Nor to that bold excess of virtue ran, He look'd, and breath'd benevolence and peace: To stab the monarch, where he lov'd the man. When in his hand Britannia's awful lord,

And Cato, reconcild, had ne'er disdain'd Held forth the olive, while he grasp'd the sword. To live a subject, where a Brunswick reign'd. So Jove, though arm'd to blast the Titan's pride, But I detain your nobler Muse too long, With all his burning thunders at his side,

From the great thema, that mocks my humble Fram'd, while he terrify'd the distant foe,

song, His scheme of blessings for the world below. A theme that asks a Virgil, or a Young.




Turn Heaven's eternal volume o'er,

And look for this distinguish'd hour;

Consult the page of Britain's state,

Before you elose the books of Fate :
Then tell us what you there have seen,

What cras from this birth begin,
Ye angels, coine without delay;

What years from this blest hour must run,
Britannia's genius, come away.

As bright and lasting as the Sun.
Descend, ye spirits of the sky;

Far from the ken of mortal sight, Stand, all ye winged guardians, by;

These secrets are involv'd in night: Your golden pinions kindly spread,

The blessings which this birth pursue,
And watch round Carolina's bed:

Are only known to Heaven and you.
Here fix your residence on Earth,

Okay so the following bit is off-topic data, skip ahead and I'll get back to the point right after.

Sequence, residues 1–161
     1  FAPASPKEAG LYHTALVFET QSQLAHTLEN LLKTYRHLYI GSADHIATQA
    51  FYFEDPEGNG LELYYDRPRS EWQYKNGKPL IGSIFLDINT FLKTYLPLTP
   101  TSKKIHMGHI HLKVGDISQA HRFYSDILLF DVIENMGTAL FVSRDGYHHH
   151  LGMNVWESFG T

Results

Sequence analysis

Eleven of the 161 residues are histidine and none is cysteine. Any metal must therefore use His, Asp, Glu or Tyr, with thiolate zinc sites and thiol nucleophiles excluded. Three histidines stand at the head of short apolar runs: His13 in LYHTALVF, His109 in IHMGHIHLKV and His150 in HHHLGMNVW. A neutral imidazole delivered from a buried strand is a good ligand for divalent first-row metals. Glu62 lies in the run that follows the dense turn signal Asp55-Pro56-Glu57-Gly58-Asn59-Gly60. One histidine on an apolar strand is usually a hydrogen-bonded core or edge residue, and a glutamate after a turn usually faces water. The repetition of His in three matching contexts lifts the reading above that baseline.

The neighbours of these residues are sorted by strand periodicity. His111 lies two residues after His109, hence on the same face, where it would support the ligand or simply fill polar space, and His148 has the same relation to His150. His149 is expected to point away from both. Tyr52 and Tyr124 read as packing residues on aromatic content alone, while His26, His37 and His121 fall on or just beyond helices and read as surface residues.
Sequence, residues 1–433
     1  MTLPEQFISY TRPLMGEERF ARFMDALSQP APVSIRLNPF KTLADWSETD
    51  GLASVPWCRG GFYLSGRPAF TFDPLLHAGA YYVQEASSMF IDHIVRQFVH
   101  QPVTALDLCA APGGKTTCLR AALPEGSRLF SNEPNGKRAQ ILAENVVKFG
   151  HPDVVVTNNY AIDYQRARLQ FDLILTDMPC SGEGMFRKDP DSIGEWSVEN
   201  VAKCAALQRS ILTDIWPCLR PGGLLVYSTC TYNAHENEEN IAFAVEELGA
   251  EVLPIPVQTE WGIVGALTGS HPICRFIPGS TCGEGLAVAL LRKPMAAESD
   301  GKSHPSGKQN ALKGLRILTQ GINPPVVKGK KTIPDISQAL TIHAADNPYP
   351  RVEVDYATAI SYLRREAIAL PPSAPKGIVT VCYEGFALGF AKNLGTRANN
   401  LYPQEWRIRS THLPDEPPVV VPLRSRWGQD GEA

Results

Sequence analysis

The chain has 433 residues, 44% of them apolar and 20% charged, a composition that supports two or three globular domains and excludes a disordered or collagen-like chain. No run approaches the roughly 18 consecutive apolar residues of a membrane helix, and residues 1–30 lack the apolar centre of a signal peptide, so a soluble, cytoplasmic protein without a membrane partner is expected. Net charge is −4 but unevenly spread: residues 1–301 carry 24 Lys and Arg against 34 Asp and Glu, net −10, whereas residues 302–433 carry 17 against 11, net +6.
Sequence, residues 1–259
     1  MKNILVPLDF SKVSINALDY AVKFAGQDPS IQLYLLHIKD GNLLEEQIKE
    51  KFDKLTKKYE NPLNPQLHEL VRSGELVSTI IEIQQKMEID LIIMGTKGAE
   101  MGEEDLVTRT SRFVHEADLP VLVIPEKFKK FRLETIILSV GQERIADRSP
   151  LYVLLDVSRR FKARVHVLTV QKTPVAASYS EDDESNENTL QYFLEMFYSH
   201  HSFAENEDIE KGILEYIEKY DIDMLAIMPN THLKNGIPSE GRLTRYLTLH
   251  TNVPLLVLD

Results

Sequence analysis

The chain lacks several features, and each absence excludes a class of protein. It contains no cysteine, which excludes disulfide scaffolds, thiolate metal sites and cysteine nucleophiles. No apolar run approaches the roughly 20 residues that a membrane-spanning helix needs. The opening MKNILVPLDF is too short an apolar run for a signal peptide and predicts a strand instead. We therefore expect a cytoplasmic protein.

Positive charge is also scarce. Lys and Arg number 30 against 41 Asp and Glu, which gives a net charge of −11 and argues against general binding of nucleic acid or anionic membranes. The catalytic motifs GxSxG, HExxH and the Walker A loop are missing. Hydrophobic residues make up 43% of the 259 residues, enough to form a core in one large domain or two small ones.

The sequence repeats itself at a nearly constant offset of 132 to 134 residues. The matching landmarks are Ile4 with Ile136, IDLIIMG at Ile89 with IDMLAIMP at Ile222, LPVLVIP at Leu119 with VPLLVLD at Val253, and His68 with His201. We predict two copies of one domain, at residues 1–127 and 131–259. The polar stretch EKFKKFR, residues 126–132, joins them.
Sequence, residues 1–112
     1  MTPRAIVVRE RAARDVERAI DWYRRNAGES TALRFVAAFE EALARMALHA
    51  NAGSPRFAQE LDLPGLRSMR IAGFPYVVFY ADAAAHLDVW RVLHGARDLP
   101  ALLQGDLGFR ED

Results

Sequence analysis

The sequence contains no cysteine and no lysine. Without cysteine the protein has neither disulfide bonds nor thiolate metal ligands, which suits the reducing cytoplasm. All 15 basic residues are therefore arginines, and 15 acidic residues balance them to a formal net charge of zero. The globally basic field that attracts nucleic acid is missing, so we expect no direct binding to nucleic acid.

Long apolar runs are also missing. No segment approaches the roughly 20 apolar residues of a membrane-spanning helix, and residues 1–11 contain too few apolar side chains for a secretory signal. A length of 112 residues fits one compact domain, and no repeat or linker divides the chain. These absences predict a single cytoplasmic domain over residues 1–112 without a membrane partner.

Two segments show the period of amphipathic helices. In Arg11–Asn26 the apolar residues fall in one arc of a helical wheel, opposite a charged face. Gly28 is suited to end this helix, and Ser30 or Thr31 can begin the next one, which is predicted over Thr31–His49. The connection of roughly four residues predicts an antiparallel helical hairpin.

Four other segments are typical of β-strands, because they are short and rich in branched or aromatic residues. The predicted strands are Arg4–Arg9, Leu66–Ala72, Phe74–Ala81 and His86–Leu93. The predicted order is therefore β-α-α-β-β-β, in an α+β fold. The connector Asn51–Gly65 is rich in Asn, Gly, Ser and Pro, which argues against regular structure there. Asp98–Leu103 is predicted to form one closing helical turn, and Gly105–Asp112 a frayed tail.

To hasten on the glorious birth;
Her fainting spirits to supply,
Catch all the zephyrs as they fly.
Oh! succour nature in the strife,
And gently hold her up in life ;

Nor let her hence too soon remove,
To join your sacred choirs above:

AND THE PRINCESS ROYAL OF ENGLAND!,' But live, Britannia to adorn

When Nassau ey'd his native coasts no more, With kings and princes yet unborn.

And first discern'd fair Albion's whitening shore; Ye angels, come without delay;

In that blest moment, while the friendly gales Britannia's genius, come away.

Wait on his course, and stretch the swelling sails, Assuage her pains, and Albion's fears,

The deeps divide; and, as the waves unclose, For Albion's life depends on her's.

The genius of the British ocean rose. Oh then! to save her from despair,

Loose to the wind his sea-green mantle flow'd, Lean down, and listen to her prayer.

And in his eyes unusual pleasure glow'd. Crown all her tortures with delight,

Awile he paus'd, to mark on Nassau's face And call th' auspicious babe to light.

The well-known features of the godlike race; We hope from your propitious care,

Whose swords were sacred to the generous cause All that is brave, or all that's fair.

Of truth, religion, liberty, and laws : A youth, to match his sire in arms;

Then spoke; the winds a still attention keep, Or nymph, to match her mother's charms;

And awful silence hush'd the murmuring deep: A youth, who over kings shall reign,